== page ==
The idea is simple: Start February 1, record ten songs, or 35 minutes
of music, committed to a CD, and mail a copy to the organizers.
Details are on their web site. A summary is posted below. I did it
last year, and hope to get it done again this time. Make some music!
It’s a little like National Novel Writing Month, (NaNoWriMo.org) where writers challenge each other to write 1,700 words a day for 30 days, or the great folks over at February Album Writing Month (fawm.org), who encourage artists to write 14 new songs in February. Maybe they don’t have “Grapes of Wrath” or “Abbey Road” at the end of the month, or maybe they do—but that’s not the point. The point is they get busy and stop waiting around for the muse to appear. Get the gears moving. Do something. You can’t write 1,700 words a day and not get better.
Don't wait for inspiration - taking action puts you in a position to get inspired. You'll stumble across ideas you would have never come up with otherwise, and maybe only because you were trying to meet a day’s quota of (song)writing. Show up and get something done, and invest in yourself and each other.
Anyone can come up with an excuse to say “no,” so don’t. Many of you are thinking “But, I can’t do that! I don’t have any songs/recording gear/money/blah blah blah...” But this doesn’t have to be the album, it’s just an album. Remember, this is an artistic exercise. Just do your best using what you have in order to get it done. If you have a four-track, become a four-track badass! A mini disc, a pro-tools rig, a Walkman, an 80’s tape recorder – use it. Do your best. Use the limitations of time and gear as an opportunity to explore things you might not try otherwise. If you can afford studio time in a “real” studio, fine, but let’s be completely free of any lingering idea that “good” records can only be made in a studio. If that were so, then all the old scratchy blues records or Alan Lomax field recordings that have changed our culture – the world’s culture – wouldn’t still resonate with us today as they do. Springsteen’s haunting classic “Nebraska” was a demo he did at home on a crappy machine. That album is fricking awesome. What label would put those recordings out now? (See: who cares) There are a million examples of this kind of stuff, but the fact will always be: Well written, honest music is compelling and undeniable no matter what it was recorded on. So put it to tape.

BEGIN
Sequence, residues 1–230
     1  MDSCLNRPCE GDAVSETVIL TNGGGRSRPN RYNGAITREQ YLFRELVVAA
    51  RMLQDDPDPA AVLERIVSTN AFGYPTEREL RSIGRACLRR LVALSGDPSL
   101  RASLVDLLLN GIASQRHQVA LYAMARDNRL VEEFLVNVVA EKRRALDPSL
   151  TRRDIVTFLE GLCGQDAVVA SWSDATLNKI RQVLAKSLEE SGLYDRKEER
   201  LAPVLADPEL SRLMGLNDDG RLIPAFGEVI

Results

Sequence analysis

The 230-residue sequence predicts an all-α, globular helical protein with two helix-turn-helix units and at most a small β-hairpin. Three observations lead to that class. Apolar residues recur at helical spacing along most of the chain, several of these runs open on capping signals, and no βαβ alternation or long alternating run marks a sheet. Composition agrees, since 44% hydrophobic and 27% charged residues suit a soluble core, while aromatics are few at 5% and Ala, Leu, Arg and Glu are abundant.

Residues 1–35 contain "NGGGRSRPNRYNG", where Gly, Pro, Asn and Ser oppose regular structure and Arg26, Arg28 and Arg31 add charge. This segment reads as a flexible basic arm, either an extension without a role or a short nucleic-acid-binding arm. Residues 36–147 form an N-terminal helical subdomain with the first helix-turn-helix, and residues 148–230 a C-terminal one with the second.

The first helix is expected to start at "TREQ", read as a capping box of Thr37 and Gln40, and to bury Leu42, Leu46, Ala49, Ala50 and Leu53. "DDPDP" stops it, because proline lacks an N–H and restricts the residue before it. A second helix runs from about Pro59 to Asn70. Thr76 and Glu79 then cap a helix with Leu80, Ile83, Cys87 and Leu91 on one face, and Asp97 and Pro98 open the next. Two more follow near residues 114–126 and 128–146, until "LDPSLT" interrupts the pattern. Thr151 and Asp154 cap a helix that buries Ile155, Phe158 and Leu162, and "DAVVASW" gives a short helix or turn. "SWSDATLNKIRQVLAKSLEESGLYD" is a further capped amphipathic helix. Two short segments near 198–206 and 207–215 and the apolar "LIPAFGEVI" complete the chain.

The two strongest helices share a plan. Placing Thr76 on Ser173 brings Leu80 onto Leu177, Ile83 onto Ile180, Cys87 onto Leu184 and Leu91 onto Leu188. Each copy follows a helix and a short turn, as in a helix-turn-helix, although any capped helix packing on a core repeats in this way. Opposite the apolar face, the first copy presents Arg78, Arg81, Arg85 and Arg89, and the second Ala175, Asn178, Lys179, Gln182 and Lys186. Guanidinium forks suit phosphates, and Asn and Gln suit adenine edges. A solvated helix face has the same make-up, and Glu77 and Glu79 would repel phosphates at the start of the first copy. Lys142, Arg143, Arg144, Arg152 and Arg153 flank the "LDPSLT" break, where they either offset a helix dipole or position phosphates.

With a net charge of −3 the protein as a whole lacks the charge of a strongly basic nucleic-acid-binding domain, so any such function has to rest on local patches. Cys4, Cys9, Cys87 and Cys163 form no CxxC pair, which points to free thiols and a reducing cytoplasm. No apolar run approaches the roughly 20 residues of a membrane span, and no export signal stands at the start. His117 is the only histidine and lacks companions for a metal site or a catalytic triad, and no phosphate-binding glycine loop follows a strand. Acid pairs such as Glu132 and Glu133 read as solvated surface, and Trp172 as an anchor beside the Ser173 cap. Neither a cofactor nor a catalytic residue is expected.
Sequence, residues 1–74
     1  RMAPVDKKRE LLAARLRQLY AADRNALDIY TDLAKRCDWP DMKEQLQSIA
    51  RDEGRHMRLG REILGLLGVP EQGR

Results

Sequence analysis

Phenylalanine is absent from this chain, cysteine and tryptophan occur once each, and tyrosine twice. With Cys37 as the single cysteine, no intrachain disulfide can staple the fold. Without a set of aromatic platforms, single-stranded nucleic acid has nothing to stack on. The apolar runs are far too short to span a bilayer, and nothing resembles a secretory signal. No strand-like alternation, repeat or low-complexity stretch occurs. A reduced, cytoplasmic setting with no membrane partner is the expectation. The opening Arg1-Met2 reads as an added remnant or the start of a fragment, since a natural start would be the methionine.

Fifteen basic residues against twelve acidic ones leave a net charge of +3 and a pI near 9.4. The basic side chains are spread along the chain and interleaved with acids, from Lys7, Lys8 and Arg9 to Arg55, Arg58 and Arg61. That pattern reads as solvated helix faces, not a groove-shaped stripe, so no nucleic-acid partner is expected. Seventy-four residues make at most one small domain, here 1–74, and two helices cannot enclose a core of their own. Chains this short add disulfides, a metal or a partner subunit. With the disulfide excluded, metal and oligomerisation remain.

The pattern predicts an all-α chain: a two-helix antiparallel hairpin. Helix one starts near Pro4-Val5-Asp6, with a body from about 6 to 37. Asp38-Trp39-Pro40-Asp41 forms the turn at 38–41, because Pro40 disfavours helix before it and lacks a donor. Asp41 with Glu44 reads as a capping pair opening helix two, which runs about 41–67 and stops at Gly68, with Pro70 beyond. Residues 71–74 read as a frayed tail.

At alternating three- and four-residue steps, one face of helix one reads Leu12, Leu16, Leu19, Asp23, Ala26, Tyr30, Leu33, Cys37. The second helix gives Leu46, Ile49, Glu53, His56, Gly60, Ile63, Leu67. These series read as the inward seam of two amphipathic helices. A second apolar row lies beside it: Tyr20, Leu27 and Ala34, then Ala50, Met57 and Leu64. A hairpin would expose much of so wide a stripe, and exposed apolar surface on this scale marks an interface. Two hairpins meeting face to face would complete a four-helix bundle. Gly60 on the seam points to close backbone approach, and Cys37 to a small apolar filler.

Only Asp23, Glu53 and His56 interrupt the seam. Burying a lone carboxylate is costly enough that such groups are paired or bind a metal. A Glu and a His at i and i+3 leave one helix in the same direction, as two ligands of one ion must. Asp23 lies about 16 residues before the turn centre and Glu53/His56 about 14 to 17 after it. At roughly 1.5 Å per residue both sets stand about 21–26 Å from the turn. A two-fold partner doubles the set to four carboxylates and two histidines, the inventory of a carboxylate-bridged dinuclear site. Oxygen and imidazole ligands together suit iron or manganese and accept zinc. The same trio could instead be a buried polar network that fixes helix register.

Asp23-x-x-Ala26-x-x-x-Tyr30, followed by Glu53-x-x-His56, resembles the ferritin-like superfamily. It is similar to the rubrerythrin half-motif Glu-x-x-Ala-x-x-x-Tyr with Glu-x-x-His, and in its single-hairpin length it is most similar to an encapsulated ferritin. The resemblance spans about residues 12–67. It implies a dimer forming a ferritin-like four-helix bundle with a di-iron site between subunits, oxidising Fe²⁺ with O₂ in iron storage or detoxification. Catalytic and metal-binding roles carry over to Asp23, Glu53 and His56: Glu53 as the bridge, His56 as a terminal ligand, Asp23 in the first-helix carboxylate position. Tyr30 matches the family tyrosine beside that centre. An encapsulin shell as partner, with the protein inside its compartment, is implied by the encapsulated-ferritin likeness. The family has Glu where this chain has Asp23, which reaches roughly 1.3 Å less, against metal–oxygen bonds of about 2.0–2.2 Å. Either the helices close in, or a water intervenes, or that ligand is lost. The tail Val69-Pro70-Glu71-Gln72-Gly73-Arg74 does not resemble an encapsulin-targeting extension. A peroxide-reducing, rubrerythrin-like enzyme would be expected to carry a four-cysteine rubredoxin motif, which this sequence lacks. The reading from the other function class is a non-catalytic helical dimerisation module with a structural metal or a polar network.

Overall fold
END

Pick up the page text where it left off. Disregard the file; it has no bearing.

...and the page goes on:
February will come and go whether you’ve joined in or not, but do you really want to be left out?
• This will be fun!
• Ten songs or 35 minutes of recorded material, on a CD, postmarked or hand-delivered by noon on March 1 to:
10 Vaughan Mall, Suite 1
Portsmouth, NH 03801
• Recording can only be done in the month of February – no prerecorded songs.
• All material must be previously unreleased, and we encourage you to write the material during February too.
• Participating bands get their own page on the site, which you can blog to as much as you want. You also get access to the band-only discussion board, where you can swap ideas, resources, etc., and the ability to e-mail and private message with the other participants.
• All the completed albums may be put up in the jukebox on the website, if you so choose, so people can check it out; conversely, if you’d rather not share your work with the public, then no one needs to hear it but us.
Write some instrumentals, split up the songwriting duties amongst band members, form an RPM side project, write songs on the piano or clarinet instead of your primary instrument, make that metal album you’ve always wanted to - buy a ukulele! Just do your best to make the best album you can. Be unafraid.
What if every musician you knew put their music first for 28 days?
What if you recorded the best song of your life?
What if the world was never the same?
What’s stopping us? Nothing. February is Record Production Month. You have no reason to say no, and nothing to lose.